Get the Captain's Compound. This is an amazing compound that cuts fast and finishes out like a polish. You can use it by hand or use with any machine.

The abrasive technology used in this product top notch. It's my first choice for any boat in any condition. I'll be showing this product at my boat detailing class coming up on April 18th.

Look at the finish quality in the pictures of this thread, all we used was Captains Compound to both compound out the sanding marks and then we used this same product as our polish the only difference is for removing sanding marks we used a rotary buffer with a wool pad and to polish we used a 6.5" Blue Light Cutting Hybrid pad on the Flex 3401.

By switching to the Flex and a foam cutting pad we maximized gloss and clarity without inflicting any swirls.

Pictures: 1960 Glastron - Wetsand, Cut & Buff at Marine31Online.com



Compounding with wool pad on rotary






Polishing with same compound but foam pads on Flex 3401






Machine waxing with Flex 3401 and soft foam waxing pad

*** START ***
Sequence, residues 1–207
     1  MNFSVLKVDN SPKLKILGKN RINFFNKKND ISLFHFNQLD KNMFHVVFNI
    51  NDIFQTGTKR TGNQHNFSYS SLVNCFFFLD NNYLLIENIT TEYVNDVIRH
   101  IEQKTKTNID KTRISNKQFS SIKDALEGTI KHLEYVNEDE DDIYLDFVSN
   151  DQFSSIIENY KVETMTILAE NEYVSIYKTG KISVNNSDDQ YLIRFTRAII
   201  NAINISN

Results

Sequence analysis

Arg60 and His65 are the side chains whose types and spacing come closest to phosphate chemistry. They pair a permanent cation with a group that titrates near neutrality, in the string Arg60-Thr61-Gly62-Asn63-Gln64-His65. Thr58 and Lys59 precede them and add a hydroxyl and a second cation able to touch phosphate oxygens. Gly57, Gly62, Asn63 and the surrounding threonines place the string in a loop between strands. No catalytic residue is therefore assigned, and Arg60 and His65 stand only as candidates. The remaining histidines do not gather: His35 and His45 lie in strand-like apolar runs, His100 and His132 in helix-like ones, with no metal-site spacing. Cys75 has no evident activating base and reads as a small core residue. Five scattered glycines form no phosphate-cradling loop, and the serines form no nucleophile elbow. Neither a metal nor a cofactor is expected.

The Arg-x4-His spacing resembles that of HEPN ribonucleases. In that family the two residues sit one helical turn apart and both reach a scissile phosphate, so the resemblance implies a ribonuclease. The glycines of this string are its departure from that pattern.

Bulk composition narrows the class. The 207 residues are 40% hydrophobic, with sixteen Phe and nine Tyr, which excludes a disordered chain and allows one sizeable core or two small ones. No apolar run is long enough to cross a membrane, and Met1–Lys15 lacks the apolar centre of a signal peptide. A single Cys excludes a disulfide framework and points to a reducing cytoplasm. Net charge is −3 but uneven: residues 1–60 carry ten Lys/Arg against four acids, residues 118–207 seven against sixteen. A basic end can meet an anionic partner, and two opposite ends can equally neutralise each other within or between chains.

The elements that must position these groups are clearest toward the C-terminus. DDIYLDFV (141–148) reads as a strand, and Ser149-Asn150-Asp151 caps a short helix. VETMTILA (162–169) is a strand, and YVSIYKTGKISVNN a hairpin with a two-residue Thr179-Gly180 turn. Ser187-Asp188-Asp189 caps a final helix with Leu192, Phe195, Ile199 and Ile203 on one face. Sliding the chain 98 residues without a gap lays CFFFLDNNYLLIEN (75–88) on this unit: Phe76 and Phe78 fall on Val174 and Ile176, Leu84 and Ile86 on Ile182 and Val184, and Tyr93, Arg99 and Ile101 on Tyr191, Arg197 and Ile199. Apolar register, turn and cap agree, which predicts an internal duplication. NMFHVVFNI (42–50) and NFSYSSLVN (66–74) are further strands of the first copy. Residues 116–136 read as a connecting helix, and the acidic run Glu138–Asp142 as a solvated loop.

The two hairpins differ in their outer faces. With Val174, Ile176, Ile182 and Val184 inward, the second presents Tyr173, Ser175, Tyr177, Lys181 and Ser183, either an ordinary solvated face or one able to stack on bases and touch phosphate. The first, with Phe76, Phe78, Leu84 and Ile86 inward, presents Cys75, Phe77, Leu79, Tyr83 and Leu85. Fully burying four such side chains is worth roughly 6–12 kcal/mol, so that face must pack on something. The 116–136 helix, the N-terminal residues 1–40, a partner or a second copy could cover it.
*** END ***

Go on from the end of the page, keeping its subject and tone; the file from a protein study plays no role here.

Finished results










You'll see this same approached used for this boat project,


How to wetsand, cut and buff a gel-coat boat

Before



After






Quote:
Originally Posted by keitht2015 View Post

And any reccos on what pads to use, that would help (already own the porter cable variable speed tool).

Thanks!

Keith
The Porter Cable is great for applying a non-cleaning wax but to maximize the gloss and shine plus make quick work of any oxidation and other battle wounds you really need a Flex 3401.


When doing correction and polishing work to gel-coat surfaces what I've experienced is gel-coat doesn't like soft pads. Soft pads are great for machine applying a non-cleaning or finish wax or sealant but for any abrading step be it compounding, polishing or even using a one-step cleaner/wax gel-coats likes coarser pads versus softer pads.

My favorite is the blue, light cutting 6.5" Hybrid pad on the Flex 3401 that you can see in this picture,




With the Porter Cable you can try using one of these pads, the CYAN thin 5.5" Hydro-Tech pads.

Lake Country Hydro-Tech Low Profile 5 1/2 x 7/8 Inch Foam Pads





Or the new Meguiar's maroon foam cutting disc... from my write-up here,

Meguiars 5 Inch DA Foam Discs





The idea being an aggressive or sharp foam cutting pad that is THIN so it rotates well and rotates fast on your PC.


Together with the Captains Compound you should be able to maximize gloss and clarity of the blue gel-coat and afterwards, machine apply a wax or sealant.


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Old 03-31-2015, 10:24 PM   #3
keitht2015
 
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Default Re: Newbie Here - Quick Q